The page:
Bifold doors are a modern convenience. Riding on tracks from above, they span large openings, providing unobstructed access to the contents of the closet. Rough openings for bifold doors should allow enough space for hardware, drywall and jambs.
The Most Common
The majority of bifold doors are 80 inches tall. The width varies depending on available space, but openings typically graduate in 24-inch increments up to 72 inches or more.
Individual panels are divided equally. For example: A 48-inch, or 4-O -- pronounced "four-oh," -- bifold typically consists of four 12-inch-wide panels.
Jambs or Drywall
The typical bifold door is finished with drywall only. But there's no reason why you can't add jambs if desired. If jambs are planned, the rough opening will be larger than a drywall-only opening, to allow for the jambs.
The required size of the finished opening for a 48-by-80-inch door is 48 by 82 inches. The rough opening should be 49 by 82 for a 48-by-80-inch door. This allows for 1/2-inch-thick drywall on both sides and at the top, 80 inches for the doors and hardware, and a 1-to- 1 1/2-inch space under the door. The space between the floor and the bottom of the door may vary depending on the type of flooring.
Opening With Jambs
The rough opening for a bifold with jambs is framed slightly wider, to allow additional space for a door jamb on three sides. The difference in height is insignificant, since it adds only 1/4 inch. Door jambs are 3/4 inch thick, for a total of 1 1/2 inches, including 1/4 inch of space around the perimeter for shimming. The rough opening for a 48-by-80-inch door with jambs would be 50-by-82 inches.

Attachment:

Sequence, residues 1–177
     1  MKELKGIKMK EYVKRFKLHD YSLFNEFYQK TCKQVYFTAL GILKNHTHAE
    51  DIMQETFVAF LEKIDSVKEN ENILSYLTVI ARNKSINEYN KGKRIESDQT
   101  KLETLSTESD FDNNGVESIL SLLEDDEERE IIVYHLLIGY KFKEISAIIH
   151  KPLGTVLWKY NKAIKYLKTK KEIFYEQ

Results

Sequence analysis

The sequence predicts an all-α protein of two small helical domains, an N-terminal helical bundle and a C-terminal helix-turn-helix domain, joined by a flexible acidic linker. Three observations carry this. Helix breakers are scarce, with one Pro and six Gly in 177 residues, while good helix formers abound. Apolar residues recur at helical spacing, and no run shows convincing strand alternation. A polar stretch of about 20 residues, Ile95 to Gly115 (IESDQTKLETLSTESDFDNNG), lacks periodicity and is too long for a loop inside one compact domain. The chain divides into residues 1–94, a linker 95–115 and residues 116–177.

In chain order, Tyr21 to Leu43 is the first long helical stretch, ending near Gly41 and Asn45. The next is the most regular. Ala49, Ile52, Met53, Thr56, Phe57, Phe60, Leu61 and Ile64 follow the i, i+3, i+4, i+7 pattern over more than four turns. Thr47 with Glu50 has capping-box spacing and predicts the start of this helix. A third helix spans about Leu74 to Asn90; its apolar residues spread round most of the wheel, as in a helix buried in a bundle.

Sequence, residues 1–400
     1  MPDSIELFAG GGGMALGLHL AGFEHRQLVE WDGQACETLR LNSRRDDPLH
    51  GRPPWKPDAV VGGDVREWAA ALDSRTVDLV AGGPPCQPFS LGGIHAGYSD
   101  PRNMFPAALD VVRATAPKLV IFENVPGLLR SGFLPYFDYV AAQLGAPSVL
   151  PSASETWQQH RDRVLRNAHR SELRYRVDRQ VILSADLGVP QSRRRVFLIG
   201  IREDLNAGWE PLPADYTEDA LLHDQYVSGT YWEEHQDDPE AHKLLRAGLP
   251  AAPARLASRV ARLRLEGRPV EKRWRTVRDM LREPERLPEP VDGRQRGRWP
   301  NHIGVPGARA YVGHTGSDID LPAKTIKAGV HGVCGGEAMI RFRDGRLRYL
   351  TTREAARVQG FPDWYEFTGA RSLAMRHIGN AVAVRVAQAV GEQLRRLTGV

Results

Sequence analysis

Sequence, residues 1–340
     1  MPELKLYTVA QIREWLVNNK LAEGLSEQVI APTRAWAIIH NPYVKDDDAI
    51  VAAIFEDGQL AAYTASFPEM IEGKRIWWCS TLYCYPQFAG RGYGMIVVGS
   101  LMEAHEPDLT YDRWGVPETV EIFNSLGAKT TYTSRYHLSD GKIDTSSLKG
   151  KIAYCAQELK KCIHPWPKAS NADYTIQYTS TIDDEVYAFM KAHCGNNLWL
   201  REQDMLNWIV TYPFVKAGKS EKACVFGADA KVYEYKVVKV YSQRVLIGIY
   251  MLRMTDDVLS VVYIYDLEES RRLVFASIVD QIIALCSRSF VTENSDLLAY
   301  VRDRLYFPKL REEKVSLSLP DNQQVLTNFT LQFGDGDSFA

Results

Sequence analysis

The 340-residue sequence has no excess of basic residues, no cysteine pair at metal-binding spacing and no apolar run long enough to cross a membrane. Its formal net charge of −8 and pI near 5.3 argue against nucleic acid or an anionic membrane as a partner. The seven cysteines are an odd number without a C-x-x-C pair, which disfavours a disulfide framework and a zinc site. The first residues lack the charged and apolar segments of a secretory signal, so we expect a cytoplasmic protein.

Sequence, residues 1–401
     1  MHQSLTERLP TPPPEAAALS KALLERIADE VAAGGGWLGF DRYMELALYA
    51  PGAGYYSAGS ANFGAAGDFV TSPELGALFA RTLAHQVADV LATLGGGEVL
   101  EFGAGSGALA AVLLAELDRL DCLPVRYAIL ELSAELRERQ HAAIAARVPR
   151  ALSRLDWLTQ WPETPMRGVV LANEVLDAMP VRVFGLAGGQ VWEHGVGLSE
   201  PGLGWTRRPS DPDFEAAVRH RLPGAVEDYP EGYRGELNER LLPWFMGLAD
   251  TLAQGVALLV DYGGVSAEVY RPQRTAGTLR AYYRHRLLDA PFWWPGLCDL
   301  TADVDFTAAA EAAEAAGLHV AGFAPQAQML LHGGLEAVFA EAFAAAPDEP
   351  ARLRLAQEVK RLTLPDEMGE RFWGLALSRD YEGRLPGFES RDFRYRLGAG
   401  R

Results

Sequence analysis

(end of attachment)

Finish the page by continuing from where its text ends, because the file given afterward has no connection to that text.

Figure the rough opening size by adding 2 inches to the height of the bifold, and 1 inch to the width.
Figure the rough opening size by adding 2 inches to the height, and 2 inches to the width.
One Size Fits Both
If you're not sure if you're installing drywall or jambs, it's fine to opt for the bigger jamb opening. The difference in size is not that big a deal, and it allows you the option to trim it out later with jambs or lumber of any type.
Always check with the manufacturer or dealer for specific specifications regarding rough opening requirements for a specific bifold.
Specializing in hardwood furniture, trim carpentry, cabinets, home improvement and architectural millwork, Wade Shaddy has worked in homebuilding since 1972. Shaddy has also worked as a newspaper reporter and writer, and as a contributing writer for Bicycling Magazine. Shaddy began publishing in various magazines in 1992, and published a novel, “Dark Canyon,” in 2008.